If you carry the items, they should furthermore be links so the user can go straight from e.g. camera to a compatible camera bag. If you don’t carry the items in your store, it is still advisable to show a compatibility list. For example, even if you don’t sell a particular Asus laptop, it will be very helpful for the user to see this laptop listed as a compatible product when looking at an Asus charger, as it will allow them to identify their own laptop in the list and thus feel confident that the two are compatible without worrying about the technical details.
When listing compatible products it is very important to be consistent in the inclusion or exclusion of model series vs. specific models. For example, do you list just the model series “Dell Inspiron” or do you list the specific model names “Inspiron 5150, Inspiron 8600, ..”? The subjects got very confused on the sites that on one page listed model series and on another specific model names, as they suddenly started doubting if the series name included their specific model as well. Therefore, consistency is important in this regard (at least within the same category of products).
Finally, you may consider showing compatible products in the cart too, especially if you redirect the user to the cart when they add a product to it (since they in this instance won’t be able to open any compatible products listed on the product page they were directed away from). Just make sure that when listing compatible products in the cart they are very clearly separated from and secondary to the actual cart contents (to avoid the two being confused), and that the list is placed below the “Proceed to Checkout” button (to ensure the user instantly and always knows how to proceed if they are happy with their current items).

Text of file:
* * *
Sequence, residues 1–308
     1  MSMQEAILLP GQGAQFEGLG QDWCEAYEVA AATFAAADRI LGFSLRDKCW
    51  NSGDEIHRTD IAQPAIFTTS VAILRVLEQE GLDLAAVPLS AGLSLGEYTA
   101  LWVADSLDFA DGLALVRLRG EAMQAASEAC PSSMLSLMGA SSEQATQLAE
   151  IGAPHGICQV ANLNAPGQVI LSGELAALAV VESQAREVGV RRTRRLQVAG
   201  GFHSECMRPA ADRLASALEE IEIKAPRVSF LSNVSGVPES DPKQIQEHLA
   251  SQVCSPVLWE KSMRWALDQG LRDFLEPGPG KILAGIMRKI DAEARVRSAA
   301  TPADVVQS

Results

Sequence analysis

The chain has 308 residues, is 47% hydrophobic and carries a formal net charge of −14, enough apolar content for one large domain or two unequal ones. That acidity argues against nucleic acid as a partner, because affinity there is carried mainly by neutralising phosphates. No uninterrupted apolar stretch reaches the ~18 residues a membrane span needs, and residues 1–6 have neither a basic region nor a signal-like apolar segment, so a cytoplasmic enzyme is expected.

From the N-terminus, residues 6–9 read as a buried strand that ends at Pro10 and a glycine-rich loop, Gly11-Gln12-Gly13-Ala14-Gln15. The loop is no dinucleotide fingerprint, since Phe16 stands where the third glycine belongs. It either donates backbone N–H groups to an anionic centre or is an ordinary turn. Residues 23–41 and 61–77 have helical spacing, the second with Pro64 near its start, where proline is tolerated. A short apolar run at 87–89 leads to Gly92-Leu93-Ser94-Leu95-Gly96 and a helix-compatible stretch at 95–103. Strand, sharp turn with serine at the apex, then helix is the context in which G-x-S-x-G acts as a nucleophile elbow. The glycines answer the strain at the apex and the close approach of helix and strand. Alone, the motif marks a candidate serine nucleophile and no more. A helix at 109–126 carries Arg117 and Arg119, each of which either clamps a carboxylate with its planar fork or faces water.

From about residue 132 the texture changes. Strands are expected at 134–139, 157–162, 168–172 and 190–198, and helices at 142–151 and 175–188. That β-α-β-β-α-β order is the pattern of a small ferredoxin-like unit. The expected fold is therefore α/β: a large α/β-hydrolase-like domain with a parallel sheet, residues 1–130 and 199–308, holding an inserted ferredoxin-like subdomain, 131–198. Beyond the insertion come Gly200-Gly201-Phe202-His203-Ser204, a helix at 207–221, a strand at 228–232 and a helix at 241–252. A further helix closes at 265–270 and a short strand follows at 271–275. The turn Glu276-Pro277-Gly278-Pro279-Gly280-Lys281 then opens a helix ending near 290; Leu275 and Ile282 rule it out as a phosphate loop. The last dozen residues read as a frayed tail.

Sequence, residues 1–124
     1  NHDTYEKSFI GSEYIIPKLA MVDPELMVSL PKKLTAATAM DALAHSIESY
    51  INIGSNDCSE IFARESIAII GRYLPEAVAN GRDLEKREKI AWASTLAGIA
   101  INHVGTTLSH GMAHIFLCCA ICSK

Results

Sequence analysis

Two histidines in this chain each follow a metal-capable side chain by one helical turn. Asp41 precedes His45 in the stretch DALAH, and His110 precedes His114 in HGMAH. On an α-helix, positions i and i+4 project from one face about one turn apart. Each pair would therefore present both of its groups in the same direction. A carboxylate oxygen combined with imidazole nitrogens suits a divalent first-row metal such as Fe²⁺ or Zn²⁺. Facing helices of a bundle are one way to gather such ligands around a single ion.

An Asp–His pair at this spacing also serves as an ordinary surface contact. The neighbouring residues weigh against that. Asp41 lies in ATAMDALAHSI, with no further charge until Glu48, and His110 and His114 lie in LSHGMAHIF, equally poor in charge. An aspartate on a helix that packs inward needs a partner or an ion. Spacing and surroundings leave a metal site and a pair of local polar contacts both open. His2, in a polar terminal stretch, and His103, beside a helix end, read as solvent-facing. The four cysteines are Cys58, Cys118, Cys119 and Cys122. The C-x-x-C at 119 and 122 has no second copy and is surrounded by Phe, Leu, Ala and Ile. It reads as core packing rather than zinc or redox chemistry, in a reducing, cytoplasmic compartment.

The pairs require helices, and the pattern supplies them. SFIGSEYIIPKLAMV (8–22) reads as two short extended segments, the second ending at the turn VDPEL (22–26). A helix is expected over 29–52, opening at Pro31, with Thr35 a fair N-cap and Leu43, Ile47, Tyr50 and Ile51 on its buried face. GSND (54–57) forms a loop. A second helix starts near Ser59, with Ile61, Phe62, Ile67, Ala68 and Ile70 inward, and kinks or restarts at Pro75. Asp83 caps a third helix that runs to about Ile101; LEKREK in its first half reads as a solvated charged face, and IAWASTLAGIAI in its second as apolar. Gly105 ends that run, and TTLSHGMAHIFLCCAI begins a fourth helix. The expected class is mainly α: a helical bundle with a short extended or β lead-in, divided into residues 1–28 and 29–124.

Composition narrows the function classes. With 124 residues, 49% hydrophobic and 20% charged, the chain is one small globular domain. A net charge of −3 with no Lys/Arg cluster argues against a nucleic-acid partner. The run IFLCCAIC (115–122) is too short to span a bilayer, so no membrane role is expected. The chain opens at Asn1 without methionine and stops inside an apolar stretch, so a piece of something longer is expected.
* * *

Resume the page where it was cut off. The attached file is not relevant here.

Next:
Compared to Full-Sites
When comparing to desktop usability research this is a very interesting observation, as users perceptions of such compatibility cross-sells differs between full-sites and mobile sites. On mobile, users are mainly positive, as the listed products are perceived as quick cross-navigation. On desktop, the reception is more chilled and it is more often seen as ads for other (compatible) products - although still found useful when needed.
Therefore, avoid any temptation to remove such compatibility “cross sells” from your mobile site in an effort to simply the product page, as this really will be false simplicity. In fact, depending on your current full-site cross sells and your industry, you might consider experimenting with the opposite for your mobile e-commerce site, adding more thorough and extensive compatibility cross-sells lists on your mobile product pages.
Adding compatibility lists to your product pages, especially with products you carry, is clearly a no-brainer given the typically high profit-margin on these types of accessory products. Do however take note of the ‘compatibility’ part; this more positive attitude towards compatibility cross-sell lists doesn’t necessarily apply to more generic cross sell lists.
This article presents the research findings from just 1 of the 146 UX guidelines in our Mobile E-Commerce study — get full access to learn more about the 145 other findings required to create a “State of the Art” mobile e-commerce user experience.